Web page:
For two years I was stationed in Hawaii. It was a great duty station, but regardless of where you’re stationed, coming back to base after a great time with your family isn’t something you look forward to.
It’s especially difficult when you’ve got an empty squad bay. You’re one of the first to get back. There’s no one to talk to and the silence of an empty building just makes your desire to be home among your friends and family that much more intense. Those feelings will get reigned in somewhat once you’re engaged and you’re back into the rhythm of your responsibilities and you’re surrounded by other people that you know and appreciate. But until then, it’s an empty squad bay…
It can be even worse when it’s not empty, but you don’t know anyone and nobody seems to be that interested in including you in their conversation.
So, what do you do? How do you negotiate those feelings of loneliness and homesickness?
First off, don’t deny yourself what equates to a healthy response to a difficult situation. In other words, don’t try to convince yourself that you shouldn’t feel lonely. Everybody has to walk through these kind of scenarios. It’s not pleasant, but in the end it obligates you to build some spiritual / social muscles that otherwise would remain dormant.
Secondly, approach your dilemma from a position of strength. You need fellowship. You need someone to come alongside you and engage you in some healthy conversation and authentic activity. Be that person for someone else. In that moment, you’re serving them while simultaneously diverting the mental energy that would otherwise be directed towards your feelings of loneliness.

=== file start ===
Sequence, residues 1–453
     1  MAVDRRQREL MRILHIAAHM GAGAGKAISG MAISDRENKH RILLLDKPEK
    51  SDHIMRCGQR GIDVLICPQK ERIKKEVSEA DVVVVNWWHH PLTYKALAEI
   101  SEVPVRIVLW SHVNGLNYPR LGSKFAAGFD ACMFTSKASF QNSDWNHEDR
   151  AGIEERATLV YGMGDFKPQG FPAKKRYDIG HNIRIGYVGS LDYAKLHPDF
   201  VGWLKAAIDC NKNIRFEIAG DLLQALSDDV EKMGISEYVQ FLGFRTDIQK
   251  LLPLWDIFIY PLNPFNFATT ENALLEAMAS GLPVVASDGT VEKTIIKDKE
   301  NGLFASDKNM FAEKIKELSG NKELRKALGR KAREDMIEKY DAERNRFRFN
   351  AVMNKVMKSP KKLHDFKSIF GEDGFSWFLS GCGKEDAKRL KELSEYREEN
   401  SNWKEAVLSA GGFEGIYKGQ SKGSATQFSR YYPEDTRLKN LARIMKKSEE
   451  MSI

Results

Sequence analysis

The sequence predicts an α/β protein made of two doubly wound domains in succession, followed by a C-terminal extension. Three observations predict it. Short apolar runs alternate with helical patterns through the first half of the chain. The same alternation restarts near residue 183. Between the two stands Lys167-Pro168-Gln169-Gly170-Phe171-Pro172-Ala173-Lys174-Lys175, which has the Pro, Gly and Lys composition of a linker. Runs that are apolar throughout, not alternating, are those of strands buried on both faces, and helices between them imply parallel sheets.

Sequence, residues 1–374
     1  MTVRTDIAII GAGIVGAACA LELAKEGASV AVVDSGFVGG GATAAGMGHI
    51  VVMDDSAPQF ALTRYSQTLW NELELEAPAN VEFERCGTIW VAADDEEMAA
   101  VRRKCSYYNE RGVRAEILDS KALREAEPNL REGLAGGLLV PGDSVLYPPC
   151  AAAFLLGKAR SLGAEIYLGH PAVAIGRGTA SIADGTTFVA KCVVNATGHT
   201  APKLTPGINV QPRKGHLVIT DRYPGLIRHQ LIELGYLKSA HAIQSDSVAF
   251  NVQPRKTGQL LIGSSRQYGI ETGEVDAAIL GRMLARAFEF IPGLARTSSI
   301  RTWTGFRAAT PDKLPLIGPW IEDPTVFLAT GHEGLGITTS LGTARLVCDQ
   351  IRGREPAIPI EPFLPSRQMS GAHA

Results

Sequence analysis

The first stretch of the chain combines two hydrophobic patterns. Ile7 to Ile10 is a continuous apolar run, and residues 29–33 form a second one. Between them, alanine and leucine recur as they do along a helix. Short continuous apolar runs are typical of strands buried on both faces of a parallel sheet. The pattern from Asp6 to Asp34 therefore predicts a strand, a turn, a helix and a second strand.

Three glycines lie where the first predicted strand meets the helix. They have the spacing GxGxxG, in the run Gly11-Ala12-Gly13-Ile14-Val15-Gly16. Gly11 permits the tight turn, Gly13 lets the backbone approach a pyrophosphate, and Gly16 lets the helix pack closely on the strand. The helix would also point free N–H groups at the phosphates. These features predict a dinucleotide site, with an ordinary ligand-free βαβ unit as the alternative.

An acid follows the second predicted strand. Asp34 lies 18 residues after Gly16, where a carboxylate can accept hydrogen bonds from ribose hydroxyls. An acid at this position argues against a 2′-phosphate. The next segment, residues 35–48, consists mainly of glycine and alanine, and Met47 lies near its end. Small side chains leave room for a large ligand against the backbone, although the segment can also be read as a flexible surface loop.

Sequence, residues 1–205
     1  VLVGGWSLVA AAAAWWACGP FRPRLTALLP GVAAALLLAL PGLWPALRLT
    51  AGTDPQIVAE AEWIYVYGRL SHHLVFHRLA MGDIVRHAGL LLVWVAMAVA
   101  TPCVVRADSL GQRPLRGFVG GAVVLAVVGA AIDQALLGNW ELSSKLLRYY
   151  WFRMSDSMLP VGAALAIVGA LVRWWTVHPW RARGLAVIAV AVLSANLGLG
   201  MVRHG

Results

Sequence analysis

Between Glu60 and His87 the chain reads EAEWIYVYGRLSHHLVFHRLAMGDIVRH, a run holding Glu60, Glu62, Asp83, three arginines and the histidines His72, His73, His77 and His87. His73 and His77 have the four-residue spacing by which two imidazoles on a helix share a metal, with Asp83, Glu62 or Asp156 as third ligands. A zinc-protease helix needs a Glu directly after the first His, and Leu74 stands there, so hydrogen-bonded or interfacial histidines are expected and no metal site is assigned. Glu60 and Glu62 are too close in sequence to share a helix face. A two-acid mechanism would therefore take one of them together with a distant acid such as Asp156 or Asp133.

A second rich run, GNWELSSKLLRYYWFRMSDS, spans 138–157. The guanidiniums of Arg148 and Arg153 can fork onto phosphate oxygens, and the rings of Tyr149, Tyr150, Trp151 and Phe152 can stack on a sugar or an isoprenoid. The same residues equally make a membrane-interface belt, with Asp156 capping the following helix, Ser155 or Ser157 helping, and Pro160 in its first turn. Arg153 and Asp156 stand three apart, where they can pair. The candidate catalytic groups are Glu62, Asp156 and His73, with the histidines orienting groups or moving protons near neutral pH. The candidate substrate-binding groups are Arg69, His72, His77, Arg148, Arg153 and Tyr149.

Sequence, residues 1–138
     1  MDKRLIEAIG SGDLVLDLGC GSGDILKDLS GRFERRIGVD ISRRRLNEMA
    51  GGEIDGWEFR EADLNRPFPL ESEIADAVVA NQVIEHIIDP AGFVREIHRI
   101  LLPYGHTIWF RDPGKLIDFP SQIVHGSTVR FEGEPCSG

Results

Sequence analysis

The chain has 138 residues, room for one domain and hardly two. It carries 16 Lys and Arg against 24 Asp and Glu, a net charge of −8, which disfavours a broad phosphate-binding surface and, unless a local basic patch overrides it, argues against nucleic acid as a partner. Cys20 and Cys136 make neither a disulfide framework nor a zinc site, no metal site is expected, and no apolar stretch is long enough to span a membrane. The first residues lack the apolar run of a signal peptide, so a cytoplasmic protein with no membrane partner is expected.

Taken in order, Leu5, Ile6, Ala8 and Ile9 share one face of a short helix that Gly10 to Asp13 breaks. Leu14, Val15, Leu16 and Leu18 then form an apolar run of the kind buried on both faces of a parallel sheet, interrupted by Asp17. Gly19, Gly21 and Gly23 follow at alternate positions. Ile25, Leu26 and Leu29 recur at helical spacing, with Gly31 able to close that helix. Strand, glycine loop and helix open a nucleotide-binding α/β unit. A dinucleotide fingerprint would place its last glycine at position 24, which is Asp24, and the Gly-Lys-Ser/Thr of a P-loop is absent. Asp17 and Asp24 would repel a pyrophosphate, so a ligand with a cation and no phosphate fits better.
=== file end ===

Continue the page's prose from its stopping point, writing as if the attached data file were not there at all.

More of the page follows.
Feeling alone is tough. Scripture records several individuals who had to deal with loneliness and sadness to the point of some truly serious levels of despair. David and Paul both had to contend with some intense isolation and disappointment (Ps 91:15; 2 Cor 1:8; 2 Tim 4:16-17). Jesus Himself had to walk through some outrageous amounts of abandonment and heartache (Mk 14:50 ; Lk 22:54).
But in the end, you can rest assured that God will never abandon or forsake you (Is 41:10; 43:1-5; Matt 28:19-20). Let that Truth lift you up to the point where you can look at your situation squarely in the face and force those clouds of sadness to break to the point where the sun of God’s Truth can break through and provide the perspective that results in a legitimately cheerful disposition.
Empty squad bays will happen on occasion. They’re never pleasant but they become easier to negotiate after you’ve had the chance to experience the remedy represented by looking for opportunities to engage other people who are feeling the same way. It’s not a “trick” or a “gimmick.” It’s placing yourself in a position of strength that stems from the Truth of God’s Love and Power that lives in you.
Go get ‘em!